In a world where war is everybody’s tragedy and everybody’s nightmare, diplomacy is everybody’s business.
—Lord Strang (qtd. in Gawerc, 2006)
Those who say that we cannot understand war unless we've been in one are correct. Those who say we cannot hope to avoid war based on what we know without experiencing war are incorrect. None of us who have never been in a fatal car wreck are incompetent to avoid them. Indeed, by definition, the one who drives a car and has never been in a fatal wreck is better positioned to claim some expertise on how to avoid them.
In any case, Lord Strag was correct. Diplomacy is indeed everyone's affair. As Germany blundered into World War II, her citizens followed their elected dictator over the cliff. Diplomacy as waged by Hitler was the diplomacy of the evil child grabbing more and more on the threat of either more harm or future good behavior. That was everyone's business.
In the nuclear age, when weapons and arsenals are assembled in existential threat against all of life, a farmer in Kenya should have the same vote as an American in New York, since both stand to lose all in an all out nuclear war. The same is true for the Wikileaks case; Julian Assange released information we all have a right to know. Cutting deals that make war last longer or war break out is cutting deals that cut short lives and when these dice are rolled all of us deserve a say in that.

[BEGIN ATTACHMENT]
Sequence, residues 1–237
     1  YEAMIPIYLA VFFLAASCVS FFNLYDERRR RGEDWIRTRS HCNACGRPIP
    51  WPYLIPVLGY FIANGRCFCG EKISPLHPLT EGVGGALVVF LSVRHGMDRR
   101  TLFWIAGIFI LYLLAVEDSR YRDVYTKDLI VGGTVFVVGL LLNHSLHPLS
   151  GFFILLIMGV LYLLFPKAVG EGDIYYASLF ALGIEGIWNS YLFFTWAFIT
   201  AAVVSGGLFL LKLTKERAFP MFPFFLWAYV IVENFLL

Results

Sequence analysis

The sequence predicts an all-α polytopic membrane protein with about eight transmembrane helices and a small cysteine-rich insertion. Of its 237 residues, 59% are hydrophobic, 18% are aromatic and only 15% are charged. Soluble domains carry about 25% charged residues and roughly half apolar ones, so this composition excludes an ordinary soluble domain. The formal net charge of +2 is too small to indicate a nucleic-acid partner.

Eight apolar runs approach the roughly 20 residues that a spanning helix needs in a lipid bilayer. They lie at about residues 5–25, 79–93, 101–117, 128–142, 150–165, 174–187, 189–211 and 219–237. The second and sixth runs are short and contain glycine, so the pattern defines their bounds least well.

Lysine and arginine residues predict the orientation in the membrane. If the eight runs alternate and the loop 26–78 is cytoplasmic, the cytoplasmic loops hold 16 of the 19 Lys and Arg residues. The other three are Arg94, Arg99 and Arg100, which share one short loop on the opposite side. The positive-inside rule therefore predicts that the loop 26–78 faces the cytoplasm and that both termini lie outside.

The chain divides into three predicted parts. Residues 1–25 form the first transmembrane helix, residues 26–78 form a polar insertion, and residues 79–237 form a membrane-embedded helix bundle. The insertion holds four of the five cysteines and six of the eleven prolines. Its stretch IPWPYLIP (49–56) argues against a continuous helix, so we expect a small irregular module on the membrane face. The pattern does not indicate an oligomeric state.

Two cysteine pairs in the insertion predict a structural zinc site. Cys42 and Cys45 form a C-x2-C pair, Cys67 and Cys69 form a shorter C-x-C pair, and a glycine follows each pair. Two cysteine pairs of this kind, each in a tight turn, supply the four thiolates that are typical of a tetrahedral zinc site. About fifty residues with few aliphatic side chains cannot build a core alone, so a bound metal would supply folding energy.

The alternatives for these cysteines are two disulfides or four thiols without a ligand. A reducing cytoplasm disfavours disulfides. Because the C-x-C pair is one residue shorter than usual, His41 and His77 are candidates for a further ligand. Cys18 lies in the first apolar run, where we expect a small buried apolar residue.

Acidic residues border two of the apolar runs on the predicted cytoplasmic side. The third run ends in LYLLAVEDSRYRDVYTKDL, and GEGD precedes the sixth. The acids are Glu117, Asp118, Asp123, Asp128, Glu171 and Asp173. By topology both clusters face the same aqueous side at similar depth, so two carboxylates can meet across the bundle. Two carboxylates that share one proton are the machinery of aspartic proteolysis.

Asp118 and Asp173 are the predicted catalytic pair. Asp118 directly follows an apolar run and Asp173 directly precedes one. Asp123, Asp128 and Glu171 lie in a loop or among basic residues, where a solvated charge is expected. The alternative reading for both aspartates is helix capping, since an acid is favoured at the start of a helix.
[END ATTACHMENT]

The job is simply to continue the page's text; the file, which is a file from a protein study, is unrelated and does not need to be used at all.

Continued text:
Similarly, when mainstream media ignores the voices of those who can help us think through ways to transform conflict from negative and destructive to constructive, that mainstream media is also violative of this basic principle. Get the voices of the peace theorists, peace practitioners, peace researchers, peace advocates and peace analysts into public play. That is how the public will know enough to make informed choices and that is what a democracy is about.
Gawerc, M. I. (2006). Peace-building: Theoretical and Concrete Perspectives. Peace & Change, 31(4), 435-478. doi:10.1111/j.1468-0130.2006.00387.x